By David W. Phillipson
David Phillipson provides an illustrated account of African prehistory, from the origins of humanity via eu colonization during this revised and increased version of his unique paintings. Phillipson considers Egypt and North Africa of their African context, comprehensively reviewing the archaeology of West, East, significant and Southern Africa. His e-book demonstrates the relevance of archaeological study to knowing modern Africa and stresses the continent's contribution to the cultural background of humankind.
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David Phillipson offers an illustrated account of African prehistory, from the origins of humanity via ecu colonization during this revised and increased version of his unique paintings. Phillipson considers Egypt and North Africa of their African context, comprehensively reviewing the archaeology of West, East, significant and Southern Africa.
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Harris 1983; Kimbel et al. 1996; Semaw 2000). Not far to the south, the Bouri area of the Middle Awash has yielded stone ﬂakes and worked bone fragments from the same locality as remains attributed to A. 5 million years ago (Asfaw et al. 1999; de Heinzelin et al. 1999). These specimens and their associations await full investigation; should preliminary accounts be conﬁrmed, these occurrences are by a substantial margin the earliest known incidence of hominid-made artefacts. They are generally attributed to the mode-1 Oldowan industry, discussed below, although they are signiﬁcantly older than the occurrence after which that industry is named (Ludwig and Harris 1998).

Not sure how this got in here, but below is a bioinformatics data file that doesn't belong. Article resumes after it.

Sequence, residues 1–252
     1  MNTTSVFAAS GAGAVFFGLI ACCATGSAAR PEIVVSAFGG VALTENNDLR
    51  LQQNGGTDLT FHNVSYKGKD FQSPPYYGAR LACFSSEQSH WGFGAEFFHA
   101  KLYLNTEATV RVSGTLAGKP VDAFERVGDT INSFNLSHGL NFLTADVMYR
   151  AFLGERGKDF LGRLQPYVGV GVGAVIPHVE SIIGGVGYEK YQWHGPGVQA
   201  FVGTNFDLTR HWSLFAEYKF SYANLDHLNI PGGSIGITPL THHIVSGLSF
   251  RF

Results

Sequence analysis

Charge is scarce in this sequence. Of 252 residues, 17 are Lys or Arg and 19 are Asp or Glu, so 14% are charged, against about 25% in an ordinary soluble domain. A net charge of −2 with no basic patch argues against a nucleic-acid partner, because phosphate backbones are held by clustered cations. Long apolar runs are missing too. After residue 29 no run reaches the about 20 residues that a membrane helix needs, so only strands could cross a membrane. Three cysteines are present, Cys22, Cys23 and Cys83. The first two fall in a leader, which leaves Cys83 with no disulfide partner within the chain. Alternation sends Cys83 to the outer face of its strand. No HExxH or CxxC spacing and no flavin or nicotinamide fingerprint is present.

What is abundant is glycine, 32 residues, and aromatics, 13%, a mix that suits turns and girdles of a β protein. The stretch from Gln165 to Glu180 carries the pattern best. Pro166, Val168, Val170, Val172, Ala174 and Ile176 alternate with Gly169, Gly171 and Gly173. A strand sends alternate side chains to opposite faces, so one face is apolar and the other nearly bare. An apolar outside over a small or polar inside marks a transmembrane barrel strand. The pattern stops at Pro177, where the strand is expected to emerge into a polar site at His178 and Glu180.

However, the previously held belief that such small The emergence of humankind in Africa Fig. 16: Plan of a stone circle on an occupation horizon at site DK in Bed I at Olduvai Gorge (after M. D. Leakey 1971). This may represent the base of a shelter constructed of branches. 41 42 afric an archaeolog y creatures were more abundantly represented in the oldest sites at Olduvai, being then gradually supplanted by larger species, is not supported by recent investigations. Central and south-central Africa Although early hominid fossils have mainly been recovered at sites in eastern and (as will be shown below) South Africa, artefacts of demonstrably PlioPleistocene age are also known from two places in the intervening regions.
B. Leakey 1965; M. D. Leakey 1971; Hay 1976; Johanson et al. 1987; Blumenschine and Masao 1991). 75 million years ago, remains of both hominids are found in association with concentrations of Oldowan stone artefacts. It is considered unlikely that members of two hominid genera would have occupied the same environmental niche at the same time and been engaged 40 afric an archaeolog y Fig. 15: Olduvai Gorge in the manufacture and use of apparently identical artefacts; although this argument is not conclusive, it is probably safe to assume that the Oldowan artefacts were the work of H.